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[GreenYes] Re: Our pal Bloomberg slashes recycling
Pat wrote some questions; I've interspersed some answers:

>         I listened to the mayor's speech over the internet and am still
>confused as to what he is proposing.  Is he proposing that the
>city eliminate curbside recycling and/or is he proposing that
>the state repeal the bottle bill?  Can anyone enlighten me on
>this?

My understanding is that he will be axing the metal, glass and plastic 
portion of the City's mandatory recycling program, in direct violation of 
the City's Local Law 19 of 1989, which requires that the city divert 25% of 
its waste tonnage to recycling by 1994.  The City has fought this in court 
seven times and lost seven times, and the worst they get is a new schedule 
from the judge.  It's a conundrum that the Council would like to fix but 
hasn't figured out how yet. (ANY IDEAS OUT THERE?)

In addition, the Mayor is looking to modify the bottle bill (at least in 
NYC) so that the deposits collected are not returnable to those bringing 
bottles back (meaning that they are a tax, which the City will collection, 
and meaning that no one will have an incentive to bring bottles back, so 
the capacity set up in the thousands of retail stores for storing bottles 
will be lost).  I don't know if he is allowed to do this, or how he would 
be planning to make this change, but I would think the state legislature 
would have to agree.  It took the state upwards of 10 years to pass our 
bottle law in the first place.

>         I wonder if you are aware of a report prepared by Science
>Applications International Corporation (SAIC) for the New York City
>Department of Sanitation says the city would realize considerable
>benefits by expanding the state's bottle bill requiring a 5-cent
>refundable deposit on beer and soft drink cans and bottles.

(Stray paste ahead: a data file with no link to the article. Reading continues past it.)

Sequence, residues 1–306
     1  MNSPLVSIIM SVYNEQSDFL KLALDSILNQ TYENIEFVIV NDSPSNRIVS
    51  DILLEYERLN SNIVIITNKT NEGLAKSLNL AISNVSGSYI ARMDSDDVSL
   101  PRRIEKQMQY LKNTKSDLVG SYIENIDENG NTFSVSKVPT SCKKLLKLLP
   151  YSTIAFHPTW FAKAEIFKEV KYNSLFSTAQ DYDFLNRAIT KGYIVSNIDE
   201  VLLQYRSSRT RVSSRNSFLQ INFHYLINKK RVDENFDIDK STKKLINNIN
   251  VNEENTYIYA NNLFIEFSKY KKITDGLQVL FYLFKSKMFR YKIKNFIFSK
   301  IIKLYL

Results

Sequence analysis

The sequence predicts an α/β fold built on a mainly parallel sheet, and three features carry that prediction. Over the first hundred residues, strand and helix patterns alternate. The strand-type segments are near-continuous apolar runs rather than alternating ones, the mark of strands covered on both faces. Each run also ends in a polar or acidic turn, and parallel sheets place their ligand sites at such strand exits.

Yes, the NYC Waste Prevention Coalition and the Citywide Recycling Advisory 
Board made extensive comments on this 10 volume research report, which 
included much more than just the bottle law -- see the website for our 
testimony:

http://everest.hunter.cuny.edu/~mclarke/WPComm.htm


>The purpose of the study  was to determine the costs and savings to
>the city if the state's 17 year-old deposit law were expanded.
>         The report, released in September 2000,  recommended that
>New York City support an expanded bottle bill that would include
>wine and liquor bottles and non-carbonated beverage containers
>such as juice drinks, sports drinks and bottled water and raise
>the deposit from 5 to 10 cents.
>         The Packaging Restrictions Report, which was written
>in 1997, projected that if the bottle bill were expanded, New
>York City would remove an additional 190,000 tons of waste per
>year (primarily glass and plastic) from the waste stream and
>reduce waste management costs by more than $8.6 million a year
>by 2000.  Reduction of litter on New York City streets would be an
>added benefit.
>         The SAIC report said the efficiency of the city's commercial
>recycling program "is limited by the value of the materials collected;
>since PET and glass are low value high volume commodities, the
>economic incentive is minimal. Expanding deposit legislation to
>include PET and glass would provide a strong incentive to remove
>these materials from the waste stream."

All this is very useful, to most of us, but NYC DOS has a history of 
ignoring its consultants' reports, and in this specific case, the DOS 
actually wrote in the introduction that it did not necessarily support the 
conclusions or recommendations of this multi-million dollar report.  In 
fact, DOS delayed the publication of the report for years, leaving everyone 
to wonder what was happening to it in the interim.

Maggie Clarke, Ph.D.
Environmental Scientist and Educator
http://everest.hunter.cuny.edu/~mclarke/index.htm
New York City 
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